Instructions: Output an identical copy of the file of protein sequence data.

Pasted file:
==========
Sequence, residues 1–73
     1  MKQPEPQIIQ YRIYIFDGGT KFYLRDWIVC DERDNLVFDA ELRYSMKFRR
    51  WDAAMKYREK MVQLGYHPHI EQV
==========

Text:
Sequence, residues 1–73
     1  MKQPEPQIIQ YRIYIFDGGT KFYLRDWIVC DERDNLVFDA ELRYSMKFRR
    51  WDAAMKYREK MVQLGYHPHI EQV